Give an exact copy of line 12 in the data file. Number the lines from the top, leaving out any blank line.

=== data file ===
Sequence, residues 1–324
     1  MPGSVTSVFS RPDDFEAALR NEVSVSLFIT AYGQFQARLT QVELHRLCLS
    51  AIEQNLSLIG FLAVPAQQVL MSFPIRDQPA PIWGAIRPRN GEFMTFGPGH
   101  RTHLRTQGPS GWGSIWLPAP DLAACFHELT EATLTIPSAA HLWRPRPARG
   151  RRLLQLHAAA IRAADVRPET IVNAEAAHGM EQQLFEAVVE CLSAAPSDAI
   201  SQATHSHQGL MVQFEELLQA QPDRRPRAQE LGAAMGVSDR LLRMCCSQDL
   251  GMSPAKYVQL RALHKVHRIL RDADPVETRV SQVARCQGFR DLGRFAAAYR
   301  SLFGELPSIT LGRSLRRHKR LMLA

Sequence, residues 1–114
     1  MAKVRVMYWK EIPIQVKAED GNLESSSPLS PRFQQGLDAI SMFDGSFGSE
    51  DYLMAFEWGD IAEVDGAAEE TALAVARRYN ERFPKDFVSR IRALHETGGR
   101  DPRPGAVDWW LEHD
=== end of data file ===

   101  DPRPGAVDWW LEHD